The world may be going to hell in a handcart but some things remain reassuringly unchanged: Julian Fellowes period dramas about feisty dowager duchesses, social climbing and snobbery, say. I like and admire Fellowes so I don’t want him to take this the wrong way. But when I say that his new series Belgravia (ITV) borrows from the same template he employed so successfully with Downton Abbey, and before that Gosford Park, and also in that series set on the Titanic that didn’t do quite so well, I’m not trying to suggest he’s a one-trick pony. More that he’s a canny chap who understands his market, has found the perfect formula and is damned if he’s not going to milk it for all it’s worth.
So, for example, in Belgravia — cunningly differentiated from Downton by the fact that it’s set in 1840s London rather than early 20th-century Berkshire — we meet an aristocratic battleaxe who entertainingly speaks her mind, suffers no fools and rails against the offensively newfangled ways of the times. Only this time, she’s played not by Dame Maggie Smith but by Dame Harriet Walter (whom perhaps either Fellowes or the casting director saw stealing the show as Logan Roy’s monstrous English first wife in Succession). And instead of electric lighting, the innovation that has invited her outrage is afternoon tea: ‘What is this newfangled tea?’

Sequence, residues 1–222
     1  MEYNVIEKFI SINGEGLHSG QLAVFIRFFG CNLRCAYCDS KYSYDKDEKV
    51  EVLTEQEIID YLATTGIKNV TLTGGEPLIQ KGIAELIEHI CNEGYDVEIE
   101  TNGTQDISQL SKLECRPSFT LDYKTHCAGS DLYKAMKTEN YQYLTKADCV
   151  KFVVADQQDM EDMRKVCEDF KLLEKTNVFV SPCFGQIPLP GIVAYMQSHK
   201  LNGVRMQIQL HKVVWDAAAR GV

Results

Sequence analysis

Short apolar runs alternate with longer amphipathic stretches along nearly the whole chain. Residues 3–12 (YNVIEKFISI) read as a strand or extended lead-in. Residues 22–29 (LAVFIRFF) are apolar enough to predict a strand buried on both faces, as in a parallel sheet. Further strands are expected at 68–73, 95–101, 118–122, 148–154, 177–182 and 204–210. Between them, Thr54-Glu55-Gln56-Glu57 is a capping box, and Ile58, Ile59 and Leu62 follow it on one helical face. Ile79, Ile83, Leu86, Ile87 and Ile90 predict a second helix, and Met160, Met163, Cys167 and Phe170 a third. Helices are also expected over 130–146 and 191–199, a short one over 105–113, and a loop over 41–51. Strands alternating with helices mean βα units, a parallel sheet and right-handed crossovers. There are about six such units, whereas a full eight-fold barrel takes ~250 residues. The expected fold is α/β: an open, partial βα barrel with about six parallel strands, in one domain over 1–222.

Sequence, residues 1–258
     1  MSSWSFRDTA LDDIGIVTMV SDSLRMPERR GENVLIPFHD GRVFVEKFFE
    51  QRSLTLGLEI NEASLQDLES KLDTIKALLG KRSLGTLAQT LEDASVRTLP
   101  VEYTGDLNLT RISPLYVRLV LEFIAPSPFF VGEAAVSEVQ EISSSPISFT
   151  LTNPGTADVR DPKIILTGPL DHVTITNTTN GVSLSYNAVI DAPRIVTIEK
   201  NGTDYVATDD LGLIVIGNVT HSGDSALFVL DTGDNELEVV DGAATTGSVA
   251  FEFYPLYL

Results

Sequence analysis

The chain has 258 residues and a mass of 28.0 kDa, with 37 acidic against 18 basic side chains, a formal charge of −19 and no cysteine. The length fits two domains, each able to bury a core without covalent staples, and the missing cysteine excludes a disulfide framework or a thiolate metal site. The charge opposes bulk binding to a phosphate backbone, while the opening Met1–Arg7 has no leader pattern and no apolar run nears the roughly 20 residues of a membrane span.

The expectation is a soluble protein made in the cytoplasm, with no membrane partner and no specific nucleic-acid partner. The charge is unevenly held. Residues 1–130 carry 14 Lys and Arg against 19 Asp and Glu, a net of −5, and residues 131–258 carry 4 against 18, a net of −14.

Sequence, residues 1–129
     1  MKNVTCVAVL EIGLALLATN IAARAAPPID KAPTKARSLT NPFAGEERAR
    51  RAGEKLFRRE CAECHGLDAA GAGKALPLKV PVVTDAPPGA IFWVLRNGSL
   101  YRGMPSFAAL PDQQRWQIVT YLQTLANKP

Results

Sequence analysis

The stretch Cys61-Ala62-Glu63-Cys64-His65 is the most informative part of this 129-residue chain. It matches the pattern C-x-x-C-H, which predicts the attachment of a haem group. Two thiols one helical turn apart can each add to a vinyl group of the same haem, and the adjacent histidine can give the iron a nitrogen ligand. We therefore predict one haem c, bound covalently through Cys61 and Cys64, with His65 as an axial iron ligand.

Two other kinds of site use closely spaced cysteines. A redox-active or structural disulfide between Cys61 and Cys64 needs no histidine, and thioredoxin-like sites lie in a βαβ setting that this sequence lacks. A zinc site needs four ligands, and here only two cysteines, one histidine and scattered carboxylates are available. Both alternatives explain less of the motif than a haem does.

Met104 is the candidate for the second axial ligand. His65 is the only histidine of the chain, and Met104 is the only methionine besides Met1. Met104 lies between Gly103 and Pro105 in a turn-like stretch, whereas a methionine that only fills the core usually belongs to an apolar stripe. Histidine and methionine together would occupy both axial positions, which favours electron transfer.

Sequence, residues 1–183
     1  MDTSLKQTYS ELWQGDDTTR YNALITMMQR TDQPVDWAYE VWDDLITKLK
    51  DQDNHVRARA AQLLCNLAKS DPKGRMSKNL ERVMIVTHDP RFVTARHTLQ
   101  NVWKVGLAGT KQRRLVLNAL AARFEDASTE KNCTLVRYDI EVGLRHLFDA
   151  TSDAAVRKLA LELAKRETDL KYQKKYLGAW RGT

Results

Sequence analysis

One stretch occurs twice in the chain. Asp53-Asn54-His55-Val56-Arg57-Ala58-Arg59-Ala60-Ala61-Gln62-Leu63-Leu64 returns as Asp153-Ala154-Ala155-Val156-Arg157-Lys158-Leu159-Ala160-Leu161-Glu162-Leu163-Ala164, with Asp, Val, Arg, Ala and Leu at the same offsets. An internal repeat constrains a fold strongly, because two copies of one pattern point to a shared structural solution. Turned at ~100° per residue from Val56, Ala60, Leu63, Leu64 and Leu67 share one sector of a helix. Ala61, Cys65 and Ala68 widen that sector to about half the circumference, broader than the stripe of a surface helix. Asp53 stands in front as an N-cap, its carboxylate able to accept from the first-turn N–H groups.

Both series also open with a big historical event — one so famous that even the all-important American audience is likely to be vaguely familiar with it. With Downton, it was the Titanic. With Belgravia, it’s the Duchess of Richmond’s ball on the eve of Waterloo. Both events have the added advantage of enabling key characters to die suddenly; or, perhaps, to appear to have died and then emerge back from the dead at unexpected moments.